Programming A Swiss-type Lathe Is Now User's Choice
Advancements in CNC technology hardware and software have been astounding over the last 10 years. It was in 1996 that Tornos Technologies U.S. Corp. (Brookfield, Connecticut) introduced Deco technology and coined the acronym "PNC” for Parallel Numerical Control.
With PNC, programming is carried out 100 percent in hidden time on a PC so parts can be planned at any time, anywhere. Since the calculations are carried out by the PC during programming, a powerful control on the machine isn’t necessary. The machines run smoothly for years without NC obsolescence. Programming can always be done on the latest-generation PC using all the power it can muster.
Once the calculations are complete, the program is rapidly installed on the machine electronically through a memory card or Ethernet cable.
On a CNC, cam sets are no longer used. What makes the technology of the Tornos PNC TB-Deco software significantly different is that the cam is replaced by a stored calculation, which eliminates the physical 360-degree limit and the feed distribution limit. As such, finishing work and production optimization are considerably easier.
The company has continued to evolve its TB-Deco software since its introduction. Its latest option, TB-Deco-ADV, offers a range of functions including Windows-based features such as undo/redo, the capability to copy and paste groups of tools or operations with their synchronization and shortcuts for part file storage in any folder. Additional program synchronizations are also available, along with unlimited axis combinations (X3-Z1 threadcutting), energy optimization and cycle time display. The required configuration for the TB-Deco-ADV is a PC that is compatible with a CD reader and Windows 2000 or Windows XP.
Enter PartMaker SwissCam
As an alternative to programming with the dedicated software, users can now program Deco Swiss-type lathes directly from PartMaker’s SwissCAM program, developed by PartMaker Inc., a Division of Delcam PLC. (Fort Washington, Pennsylvania). This programming option allows Tornos customers to output a program that can be directly imported into TB-Deco.
The integrated solution has been available since July, 2005, and many customers are jumping on board.
"Particularly if our customers are already using PartMaker throughout their shops, this is a seamless solution for them,” says Tom Dierks, president of Tornos Technologies.
The integration of the two programs is beneficial because it permits users to integrate TB-Deco with external CAD data, perform 3D machining simulation and program all their Swiss machines in the same manner as their other CNC machines, whether they are Swiss-type or conventional CNC mills and lathes.
Additionally, Deco users will be able to take advantage of TB-Deco’s process optimization features because they will be starting from a part that has already been programmed and synchronized across the multiple axes of the Tornos machine. Once imported, the user can further optimize his part’s cycle time using the many cycle-time-reducing capabilities.
How It Works
SwissCAM and TB-Deco have been linked via a Tornos standard file called a TTFT (Tornos Text Format) file, which is exported by SwissCAM and imported by TB-Deco. The file, created automatically by SwissCAM during post-processing, contains all the information needed to program a part, including tooling, cutter paths, speeds and feeds and process synchronization information.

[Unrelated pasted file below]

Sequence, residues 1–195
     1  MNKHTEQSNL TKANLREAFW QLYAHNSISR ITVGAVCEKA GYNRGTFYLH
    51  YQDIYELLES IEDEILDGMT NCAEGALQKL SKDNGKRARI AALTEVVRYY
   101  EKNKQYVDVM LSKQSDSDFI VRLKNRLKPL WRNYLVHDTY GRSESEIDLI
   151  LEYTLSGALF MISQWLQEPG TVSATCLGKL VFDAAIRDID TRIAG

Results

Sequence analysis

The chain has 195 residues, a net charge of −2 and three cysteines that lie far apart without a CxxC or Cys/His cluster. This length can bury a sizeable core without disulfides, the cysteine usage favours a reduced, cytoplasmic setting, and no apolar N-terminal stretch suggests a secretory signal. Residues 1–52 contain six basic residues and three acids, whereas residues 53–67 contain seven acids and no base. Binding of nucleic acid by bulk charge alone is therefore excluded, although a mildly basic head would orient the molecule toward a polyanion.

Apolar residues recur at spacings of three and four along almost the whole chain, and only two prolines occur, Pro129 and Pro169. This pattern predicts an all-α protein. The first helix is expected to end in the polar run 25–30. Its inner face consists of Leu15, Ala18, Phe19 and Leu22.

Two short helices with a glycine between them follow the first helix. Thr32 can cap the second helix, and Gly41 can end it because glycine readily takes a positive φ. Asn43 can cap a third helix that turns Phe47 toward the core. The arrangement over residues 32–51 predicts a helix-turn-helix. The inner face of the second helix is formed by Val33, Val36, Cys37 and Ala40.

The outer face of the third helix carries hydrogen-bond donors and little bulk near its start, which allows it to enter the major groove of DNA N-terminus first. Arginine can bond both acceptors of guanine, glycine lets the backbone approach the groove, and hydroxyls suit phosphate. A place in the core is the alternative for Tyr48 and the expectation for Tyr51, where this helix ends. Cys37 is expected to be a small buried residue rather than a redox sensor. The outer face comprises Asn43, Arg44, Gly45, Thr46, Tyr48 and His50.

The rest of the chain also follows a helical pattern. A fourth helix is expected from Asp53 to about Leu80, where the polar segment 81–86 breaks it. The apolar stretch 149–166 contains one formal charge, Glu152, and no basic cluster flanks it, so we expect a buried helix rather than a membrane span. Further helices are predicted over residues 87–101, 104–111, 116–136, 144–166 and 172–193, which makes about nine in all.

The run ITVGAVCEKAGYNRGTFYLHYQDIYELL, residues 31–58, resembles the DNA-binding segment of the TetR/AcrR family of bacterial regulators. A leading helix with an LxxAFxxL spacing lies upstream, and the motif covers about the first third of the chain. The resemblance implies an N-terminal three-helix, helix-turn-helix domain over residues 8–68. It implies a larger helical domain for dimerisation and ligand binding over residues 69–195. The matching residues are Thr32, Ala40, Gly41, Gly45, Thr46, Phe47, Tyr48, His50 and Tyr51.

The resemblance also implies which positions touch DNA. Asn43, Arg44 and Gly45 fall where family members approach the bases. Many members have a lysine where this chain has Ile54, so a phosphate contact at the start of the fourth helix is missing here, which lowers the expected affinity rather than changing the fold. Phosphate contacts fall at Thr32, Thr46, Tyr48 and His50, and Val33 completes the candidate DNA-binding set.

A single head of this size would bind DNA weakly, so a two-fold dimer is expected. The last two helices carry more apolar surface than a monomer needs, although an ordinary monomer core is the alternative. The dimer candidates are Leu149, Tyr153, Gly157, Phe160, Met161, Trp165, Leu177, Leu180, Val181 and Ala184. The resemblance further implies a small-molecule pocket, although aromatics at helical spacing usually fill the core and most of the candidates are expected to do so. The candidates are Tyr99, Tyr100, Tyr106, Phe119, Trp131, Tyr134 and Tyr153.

Once the TTFT has been created in PartMaker, with one click of a button, the user can automatically launch TB-Deco-ADV and import the generated TTFT file directly into TB-Deco for the Deco machine of his choice.
Technology Ensures Productivity
SwissCAM employs a "Divide and Conquer” programming strategy that simplifies the programming of parts with a number of turned and milled features by breaking down a complex part into a number of simpler operations. Each machine surface is programmed in a separate window. As each operation is programmed, it is verified graphically on the screen.
Knowledge-based machining ensures that the machinist’s knowledge about such issues as tooling and feeds and speeds is saved within the system. This data can be used over and over again, thus automating the programming task. A process table displays a complete summary of all the work that has been done. Each operation has speeds and feeds automatically applied for the material used, and the time for each operation is calculated and displayed. The total time is shown for both main and subspindle machining.
PartMaker’s visual synchronization approach makes programming process synchronization an easy task. Process synchronization can be done by pointing and clicking, choosing from a variety of graphical synchronization strategies. Once the operations have been synchronized, a time chart shows the operations in bar chart format, showing the main and subspindle times side by side and how much machining time the user is getting for free by overlapping synchronous operations. Integrated, fully dynamic 3D machining simulation allows the user to see the entire machining process on screen and check for tool collisions before machining.
Whether programming through TB-Deco exclusively or with the integrated PartMaker solution, it’s nice to have a choice.
By Mark Saalmuller, Tornos Technologies U.S. Corporation and
Hanan Fishman, PartMaker Software/IMCS Inc.